Update: Dell and regulatory agencies worldwide plan to recall 4.1 million notebook batteries, a company representative in the United States has confirmed.
The recall affects certain Inspiron, Latitude and Precision mobile workstation units shipped between April 2004 and July 18, 2006. Sony manufactured the batteries that are being recalled, the representative said. A Dell Australia spokesperson told CNET.com.au's sister site ZDNet Australia by e-mail there would be customers in Australia who have batteries involved in the recall and the computer maker would begin to contact them today.
In a subsequent telephone interview, the Australian spokesperson declined to break out the number of notebooks affected here, the cost to Dell or when the decision to recall the batteries was made. The recall announcement -- made a few hours ago in the United States -- followed chairman and founder Michael Dell's statement yesterday morning in Australia the computer maker was still investigating incidents where batteries in its laptops have reportedly exploded.
The Australian spokesperson said Dell customers here would be informed by phone, e-mail or advertisements placed in newspapers over the next couple of days. Replacement batteries would be sent to affected customers at no cost to them, he said.
He said Dell was about to kick off discussions with consumer product safety regulators in each state about the issue.
Dell wanted to ensure the safety of its customers, the US Dell representative confirmed. The 4.1 million units is a subset of the 22 million units shipped during that time frame, he said.
At the moment, this looks like the largest battery recall in the history of the electronics industry, said Roger Kay, an analyst with Endpoint Technologies Associates. "The scale of it is phenomenal."
Customers will be able to go to a Dell Web site (http://www.dellbatteryprogram.com) to determine if they need a new battery. The Web site is expected to go live tomorrow.
"It's a huge deal," IDC analyst Richard Shim said, particularly for Dell customers with employees in remote locations or travelling. "If you have people all over the field, then you're asking folks to send in the batteries and run off just AC [alternating current power] until they can get new batteries shipped out to them."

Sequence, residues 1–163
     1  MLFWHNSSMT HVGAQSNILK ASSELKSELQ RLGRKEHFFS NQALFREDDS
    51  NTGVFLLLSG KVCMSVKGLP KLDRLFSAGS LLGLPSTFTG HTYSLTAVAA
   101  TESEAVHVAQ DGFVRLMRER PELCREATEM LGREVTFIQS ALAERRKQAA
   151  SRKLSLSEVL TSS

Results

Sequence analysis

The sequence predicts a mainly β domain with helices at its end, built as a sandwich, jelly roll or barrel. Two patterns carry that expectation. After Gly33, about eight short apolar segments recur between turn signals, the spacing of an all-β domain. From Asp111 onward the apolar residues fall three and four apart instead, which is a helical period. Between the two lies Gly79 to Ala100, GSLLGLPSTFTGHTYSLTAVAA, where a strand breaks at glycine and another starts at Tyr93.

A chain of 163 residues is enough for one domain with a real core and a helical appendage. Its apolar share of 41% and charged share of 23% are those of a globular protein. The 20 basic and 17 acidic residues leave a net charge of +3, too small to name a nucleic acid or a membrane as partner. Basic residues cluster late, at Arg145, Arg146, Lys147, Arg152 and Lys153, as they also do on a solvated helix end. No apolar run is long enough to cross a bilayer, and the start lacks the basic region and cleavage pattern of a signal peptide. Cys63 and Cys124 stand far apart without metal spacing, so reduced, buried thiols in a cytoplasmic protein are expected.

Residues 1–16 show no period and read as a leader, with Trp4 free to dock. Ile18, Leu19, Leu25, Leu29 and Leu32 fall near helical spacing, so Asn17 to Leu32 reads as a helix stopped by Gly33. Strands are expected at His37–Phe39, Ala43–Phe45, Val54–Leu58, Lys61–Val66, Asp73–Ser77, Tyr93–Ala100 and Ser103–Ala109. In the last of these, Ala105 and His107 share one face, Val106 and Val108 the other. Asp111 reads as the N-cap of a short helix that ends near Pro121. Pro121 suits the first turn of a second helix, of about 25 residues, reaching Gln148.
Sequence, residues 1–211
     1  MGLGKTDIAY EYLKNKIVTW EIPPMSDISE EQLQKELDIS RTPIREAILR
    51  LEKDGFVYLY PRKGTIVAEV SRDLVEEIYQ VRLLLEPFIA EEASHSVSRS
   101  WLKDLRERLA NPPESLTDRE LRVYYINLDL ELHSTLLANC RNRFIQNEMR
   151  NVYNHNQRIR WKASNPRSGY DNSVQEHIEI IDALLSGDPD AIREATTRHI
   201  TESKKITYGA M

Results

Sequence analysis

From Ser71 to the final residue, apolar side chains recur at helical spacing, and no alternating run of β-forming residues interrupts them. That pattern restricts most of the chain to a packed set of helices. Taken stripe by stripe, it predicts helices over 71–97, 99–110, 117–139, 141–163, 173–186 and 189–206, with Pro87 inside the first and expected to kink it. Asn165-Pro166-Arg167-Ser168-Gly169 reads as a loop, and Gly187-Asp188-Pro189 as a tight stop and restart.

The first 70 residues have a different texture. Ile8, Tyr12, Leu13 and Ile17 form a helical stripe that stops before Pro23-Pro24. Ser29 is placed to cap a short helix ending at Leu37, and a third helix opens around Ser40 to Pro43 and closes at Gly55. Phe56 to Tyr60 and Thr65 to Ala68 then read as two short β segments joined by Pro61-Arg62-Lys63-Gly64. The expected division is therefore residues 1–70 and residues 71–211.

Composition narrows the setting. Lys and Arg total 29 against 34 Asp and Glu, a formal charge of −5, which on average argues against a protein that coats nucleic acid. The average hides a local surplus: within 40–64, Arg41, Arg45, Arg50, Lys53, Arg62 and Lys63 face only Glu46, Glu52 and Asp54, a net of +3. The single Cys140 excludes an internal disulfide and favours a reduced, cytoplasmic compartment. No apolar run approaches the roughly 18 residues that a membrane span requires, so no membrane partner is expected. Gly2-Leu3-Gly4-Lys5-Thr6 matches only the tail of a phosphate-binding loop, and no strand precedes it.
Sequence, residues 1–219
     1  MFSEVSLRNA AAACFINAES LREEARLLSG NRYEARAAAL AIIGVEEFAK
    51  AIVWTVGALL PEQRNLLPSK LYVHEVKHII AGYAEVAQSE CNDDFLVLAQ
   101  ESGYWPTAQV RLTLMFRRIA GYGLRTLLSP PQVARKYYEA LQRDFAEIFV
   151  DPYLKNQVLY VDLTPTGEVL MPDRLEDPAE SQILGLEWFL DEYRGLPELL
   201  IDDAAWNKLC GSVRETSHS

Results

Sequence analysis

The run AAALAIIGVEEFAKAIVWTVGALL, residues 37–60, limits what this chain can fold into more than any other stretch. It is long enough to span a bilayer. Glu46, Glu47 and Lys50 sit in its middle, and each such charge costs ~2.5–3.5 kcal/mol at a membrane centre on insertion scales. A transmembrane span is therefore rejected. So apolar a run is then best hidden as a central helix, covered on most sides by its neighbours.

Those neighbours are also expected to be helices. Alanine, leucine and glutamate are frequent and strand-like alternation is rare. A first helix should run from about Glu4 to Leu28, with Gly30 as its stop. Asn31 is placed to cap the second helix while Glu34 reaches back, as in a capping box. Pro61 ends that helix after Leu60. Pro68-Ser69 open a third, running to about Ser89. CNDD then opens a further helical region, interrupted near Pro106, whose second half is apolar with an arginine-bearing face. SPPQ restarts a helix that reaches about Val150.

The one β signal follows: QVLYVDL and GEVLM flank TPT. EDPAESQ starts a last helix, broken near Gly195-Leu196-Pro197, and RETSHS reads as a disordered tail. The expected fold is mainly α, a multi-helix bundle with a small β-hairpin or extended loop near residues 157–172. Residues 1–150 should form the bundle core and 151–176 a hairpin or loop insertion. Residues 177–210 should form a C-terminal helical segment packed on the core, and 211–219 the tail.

Dell had only six incidents over millions of units, Shim said, but it's "a dangerous situation".
Lithium ion batteries have two-to-three times the energy density of nickel-cadmium and nickel-metal hydride batteries and four times the energy density of lead-acid batteries. Higher energy density translates to longer battery life. Lithium ion batteries are used in consumer electronics and notebooks, which only require a limited amount of energy. Hybrid cars and power tools, however, generally use more traditional batteries, in part because of the risk of explosion.
The problems Dell is having stem from impurities within the anode and cathode of the battery, said Kay, who was briefed on the problems by Dell executives. Over time, those impurities, usually tiny pieces of metal, can work their way to the edge of the anode or cathode and rupture the isolator that sits between the two, he said. Once that happens, you get a short circuit and perhaps a fire.
In mobile phones, lithium ion batteries can overheat because of a short circuit. If temperature rises slowly, the battery case may melt. If it rises rapidly, however, enough pressure may be generated to create a small explosion in a lithium ion battery. Consumers have suffered severe burns as a result of these failures. The chemical reaction that produces energy in a lithium-ion battery is considered quite violent.
Several companies, including Valence Technology and PowerGenix, are working on safer lithium ion batteries or batteries which rely on different chemicals.
CNET News.com's Stephen Shankland contributed to this report.